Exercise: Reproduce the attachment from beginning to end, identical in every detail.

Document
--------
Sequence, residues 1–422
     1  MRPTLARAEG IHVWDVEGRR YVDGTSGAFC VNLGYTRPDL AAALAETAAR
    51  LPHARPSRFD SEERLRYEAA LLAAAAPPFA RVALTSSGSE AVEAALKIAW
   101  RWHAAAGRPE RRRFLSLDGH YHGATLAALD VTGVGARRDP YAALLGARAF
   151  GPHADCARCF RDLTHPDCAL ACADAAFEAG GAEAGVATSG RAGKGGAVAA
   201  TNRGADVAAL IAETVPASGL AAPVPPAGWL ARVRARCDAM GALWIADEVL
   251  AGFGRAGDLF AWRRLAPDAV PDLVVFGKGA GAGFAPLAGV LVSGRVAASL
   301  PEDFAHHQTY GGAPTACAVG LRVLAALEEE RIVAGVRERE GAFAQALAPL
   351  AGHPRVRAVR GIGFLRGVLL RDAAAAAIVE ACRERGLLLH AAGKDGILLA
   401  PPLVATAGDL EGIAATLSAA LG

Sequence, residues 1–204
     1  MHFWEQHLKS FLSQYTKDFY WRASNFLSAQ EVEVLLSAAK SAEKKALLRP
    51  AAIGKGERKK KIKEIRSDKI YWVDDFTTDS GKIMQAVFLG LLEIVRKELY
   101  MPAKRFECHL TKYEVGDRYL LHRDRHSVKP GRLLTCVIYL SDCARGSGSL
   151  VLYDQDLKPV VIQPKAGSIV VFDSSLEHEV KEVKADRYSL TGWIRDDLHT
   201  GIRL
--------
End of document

Sequence, residues 1–422
     1  MRPTLARAEG IHVWDVEGRR YVDGTSGAFC VNLGYTRPDL AAALAETAAR
    51  LPHARPSRFD SEERLRYEAA LLAAAAPPFA RVALTSSGSE AVEAALKIAW
   101  RWHAAAGRPE RRRFLSLDGH YHGATLAALD VTGVGARRDP YAALLGARAF
   151  GPHADCARCF RDLTHPDCAL ACADAAFEAG GAEAGVATSG RAGKGGAVAA
   201  TNRGADVAAL IAETVPASGL AAPVPPAGWL ARVRARCDAM GALWIADEVL
   251  AGFGRAGDLF AWRRLAPDAV PDLVVFGKGA GAGFAPLAGV LVSGRVAASL
   301  PEDFAHHQTY GGAPTACAVG LRVLAALEEE RIVAGVRERE GAFAQALAPL
   351  AGHPRVRAVR GIGFLRGVLL RDAAAAAIVE ACRERGLLLH AAGKDGILLA
   401  PPLVATAGDL EGIAATLSAA LG

Sequence, residues 1–204
     1  MHFWEQHLKS FLSQYTKDFY WRASNFLSAQ EVEVLLSAAK SAEKKALLRP
    51  AAIGKGERKK KIKEIRSDKI YWVDDFTTDS GKIMQAVFLG LLEIVRKELY
   101  MPAKRFECHL TKYEVGDRYL LHRDRHSVKP GRLLTCVIYL SDCARGSGSL
   151  VLYDQDLKPV VIQPKAGSIV VFDSSLEHEV KEVKADRYSL TGWIRDDLHT
   201  GIRL